# If $r$ is a primitive root of odd prime $p$, prove that $\text{ind}_r (-1) = \frac{p-1}{2}$

If $r$ is a primitive root of odd prime $p$, prove that $\text{ind}_r (-1) = \frac{p-1}{2}$

I know $r^{p-1}\equiv 1 \pmod {p} \implies r^{(p-1)/2}\equiv -1 \pmod{p}$ But some how I feel the question wants me prove the result using indices properties (w/o factoring.. ) So I am posting it here to see if there are any other ways to prove this XD thanks in advance!

Note that $\left(r^{(p-1)/2}\right)^2\equiv 1\pmod{p}$, so $r^{(p-1)/2}$ is a solution of the congruence $x^2\equiv 1\pmod{p}$.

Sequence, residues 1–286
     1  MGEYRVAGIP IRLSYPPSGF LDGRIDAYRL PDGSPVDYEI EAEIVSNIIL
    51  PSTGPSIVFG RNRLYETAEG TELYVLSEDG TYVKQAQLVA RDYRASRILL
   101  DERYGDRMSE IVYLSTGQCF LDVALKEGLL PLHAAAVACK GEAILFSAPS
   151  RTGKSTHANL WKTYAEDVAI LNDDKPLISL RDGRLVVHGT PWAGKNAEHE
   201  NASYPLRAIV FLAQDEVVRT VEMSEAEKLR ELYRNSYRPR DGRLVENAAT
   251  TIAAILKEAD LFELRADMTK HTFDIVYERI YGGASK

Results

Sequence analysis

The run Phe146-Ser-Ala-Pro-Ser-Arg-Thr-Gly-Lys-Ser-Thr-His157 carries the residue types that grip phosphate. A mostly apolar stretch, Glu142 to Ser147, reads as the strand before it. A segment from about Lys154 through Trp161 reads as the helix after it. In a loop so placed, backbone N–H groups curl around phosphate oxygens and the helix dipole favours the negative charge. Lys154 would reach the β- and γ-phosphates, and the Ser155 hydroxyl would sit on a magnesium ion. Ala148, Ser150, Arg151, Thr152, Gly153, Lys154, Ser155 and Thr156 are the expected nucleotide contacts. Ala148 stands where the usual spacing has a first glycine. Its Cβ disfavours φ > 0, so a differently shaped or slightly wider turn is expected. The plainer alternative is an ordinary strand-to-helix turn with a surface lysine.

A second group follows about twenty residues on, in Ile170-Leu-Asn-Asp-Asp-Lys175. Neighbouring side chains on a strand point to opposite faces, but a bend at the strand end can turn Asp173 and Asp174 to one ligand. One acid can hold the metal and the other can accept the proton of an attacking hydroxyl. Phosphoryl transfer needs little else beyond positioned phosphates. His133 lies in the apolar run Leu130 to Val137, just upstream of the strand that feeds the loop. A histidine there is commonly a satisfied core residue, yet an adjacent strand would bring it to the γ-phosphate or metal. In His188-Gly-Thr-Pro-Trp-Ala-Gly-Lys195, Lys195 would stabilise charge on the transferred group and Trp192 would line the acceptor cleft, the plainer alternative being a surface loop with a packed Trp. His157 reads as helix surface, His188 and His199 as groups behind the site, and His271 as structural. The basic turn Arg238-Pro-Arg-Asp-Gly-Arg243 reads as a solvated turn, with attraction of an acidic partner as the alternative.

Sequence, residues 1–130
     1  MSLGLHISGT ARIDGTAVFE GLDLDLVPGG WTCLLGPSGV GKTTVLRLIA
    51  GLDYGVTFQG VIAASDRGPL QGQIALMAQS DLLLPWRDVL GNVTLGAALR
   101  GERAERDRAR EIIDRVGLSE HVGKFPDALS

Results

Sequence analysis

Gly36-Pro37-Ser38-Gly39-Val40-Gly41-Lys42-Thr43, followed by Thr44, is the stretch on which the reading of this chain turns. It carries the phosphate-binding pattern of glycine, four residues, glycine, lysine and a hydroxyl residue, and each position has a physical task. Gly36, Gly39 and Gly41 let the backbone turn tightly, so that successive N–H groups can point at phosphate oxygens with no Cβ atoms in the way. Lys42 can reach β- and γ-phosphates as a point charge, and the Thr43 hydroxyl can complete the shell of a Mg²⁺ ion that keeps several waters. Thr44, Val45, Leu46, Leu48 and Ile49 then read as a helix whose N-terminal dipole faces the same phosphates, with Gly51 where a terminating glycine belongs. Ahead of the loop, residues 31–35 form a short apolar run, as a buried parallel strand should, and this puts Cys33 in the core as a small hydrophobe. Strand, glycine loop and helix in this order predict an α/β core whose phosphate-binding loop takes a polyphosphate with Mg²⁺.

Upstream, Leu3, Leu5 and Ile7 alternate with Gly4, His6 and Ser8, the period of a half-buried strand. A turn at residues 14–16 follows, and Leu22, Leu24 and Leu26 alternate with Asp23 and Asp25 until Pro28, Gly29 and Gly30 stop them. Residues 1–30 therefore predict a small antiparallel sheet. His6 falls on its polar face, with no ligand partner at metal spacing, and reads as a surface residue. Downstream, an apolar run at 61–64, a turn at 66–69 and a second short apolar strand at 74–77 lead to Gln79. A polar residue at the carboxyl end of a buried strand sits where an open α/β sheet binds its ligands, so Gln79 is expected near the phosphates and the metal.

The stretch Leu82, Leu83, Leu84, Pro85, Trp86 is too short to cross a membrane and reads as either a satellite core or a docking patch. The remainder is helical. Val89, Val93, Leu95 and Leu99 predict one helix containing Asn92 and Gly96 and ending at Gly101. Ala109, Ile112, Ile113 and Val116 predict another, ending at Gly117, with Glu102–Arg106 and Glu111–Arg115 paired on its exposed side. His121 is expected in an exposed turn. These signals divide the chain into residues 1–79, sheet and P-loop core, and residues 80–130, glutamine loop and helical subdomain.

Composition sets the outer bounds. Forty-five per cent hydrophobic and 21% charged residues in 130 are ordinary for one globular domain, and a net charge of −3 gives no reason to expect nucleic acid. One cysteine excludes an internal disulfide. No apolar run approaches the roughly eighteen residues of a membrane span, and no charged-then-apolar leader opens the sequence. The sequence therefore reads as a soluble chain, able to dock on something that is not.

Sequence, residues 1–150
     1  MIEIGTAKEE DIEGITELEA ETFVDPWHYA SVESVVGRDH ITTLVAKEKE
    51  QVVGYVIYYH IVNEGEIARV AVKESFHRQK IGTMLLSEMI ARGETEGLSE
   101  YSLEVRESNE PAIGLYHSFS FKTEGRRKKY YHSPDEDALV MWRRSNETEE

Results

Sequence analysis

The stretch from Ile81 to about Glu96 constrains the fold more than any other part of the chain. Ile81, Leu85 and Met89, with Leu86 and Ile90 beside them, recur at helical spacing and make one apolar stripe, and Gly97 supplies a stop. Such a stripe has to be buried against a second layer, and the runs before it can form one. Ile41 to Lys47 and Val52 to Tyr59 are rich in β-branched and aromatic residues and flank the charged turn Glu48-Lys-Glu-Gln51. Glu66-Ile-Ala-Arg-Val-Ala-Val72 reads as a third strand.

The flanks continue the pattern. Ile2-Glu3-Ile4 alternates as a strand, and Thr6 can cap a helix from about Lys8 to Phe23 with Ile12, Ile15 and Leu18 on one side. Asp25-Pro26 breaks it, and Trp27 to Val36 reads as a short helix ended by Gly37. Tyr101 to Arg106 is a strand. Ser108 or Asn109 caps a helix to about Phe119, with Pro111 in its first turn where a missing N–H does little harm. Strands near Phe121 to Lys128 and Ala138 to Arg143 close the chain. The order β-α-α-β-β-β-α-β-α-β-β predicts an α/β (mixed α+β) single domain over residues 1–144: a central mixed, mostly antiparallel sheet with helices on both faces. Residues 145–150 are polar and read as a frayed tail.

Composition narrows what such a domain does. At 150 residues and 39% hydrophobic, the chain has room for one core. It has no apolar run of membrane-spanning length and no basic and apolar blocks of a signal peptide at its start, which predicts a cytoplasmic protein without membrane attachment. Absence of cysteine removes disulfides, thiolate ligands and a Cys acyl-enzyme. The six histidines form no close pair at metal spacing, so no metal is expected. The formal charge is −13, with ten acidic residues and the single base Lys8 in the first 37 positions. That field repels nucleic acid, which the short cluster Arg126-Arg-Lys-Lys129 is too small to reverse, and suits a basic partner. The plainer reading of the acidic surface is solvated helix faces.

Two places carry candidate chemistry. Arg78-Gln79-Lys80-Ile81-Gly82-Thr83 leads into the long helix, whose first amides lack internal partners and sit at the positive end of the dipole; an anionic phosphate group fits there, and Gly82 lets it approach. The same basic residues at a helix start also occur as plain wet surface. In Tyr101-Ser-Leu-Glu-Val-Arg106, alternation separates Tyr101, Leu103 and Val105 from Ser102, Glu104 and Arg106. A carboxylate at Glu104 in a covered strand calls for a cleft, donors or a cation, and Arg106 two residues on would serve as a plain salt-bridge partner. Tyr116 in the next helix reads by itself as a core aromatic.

The congruence $x^2\equiv 1\pmod{p}$ has precisely two solutions, $x\equiv 1\pmod{p}$ and $x\equiv -1\pmod{p}$.
Since $r^{(p-1)/2}\not\equiv 1\pmod{p}$, we must have $r^{(p-1)/2}\equiv -1\pmod p$, so $-1$ has index $(p-1)/2$.
Another way: If you want to just use "algebraic" properties of indices, let $d$ be the index of $-1$. Then the index of $(-1)^2$ is congruent to $2d$ modulo $p-1$. (Index of a product is, sort of, the sum of the indices.) But the index of $(-1)^2$ is $p-1$. so $2d\equiv 0\pmod{p-1}$ and $1\le d\lt p-1$. This forces $d=\frac{p-1}{2}$.
• I see.. $r$ is a primitive root so $r^{(p-1)/2}\not\equiv 1\pmod{p}$. That makes the index of -1 equal to (p-1)/2.I feel a bit more confident now xD Thanks to you! – pooja Jan 29 '15 at 5:40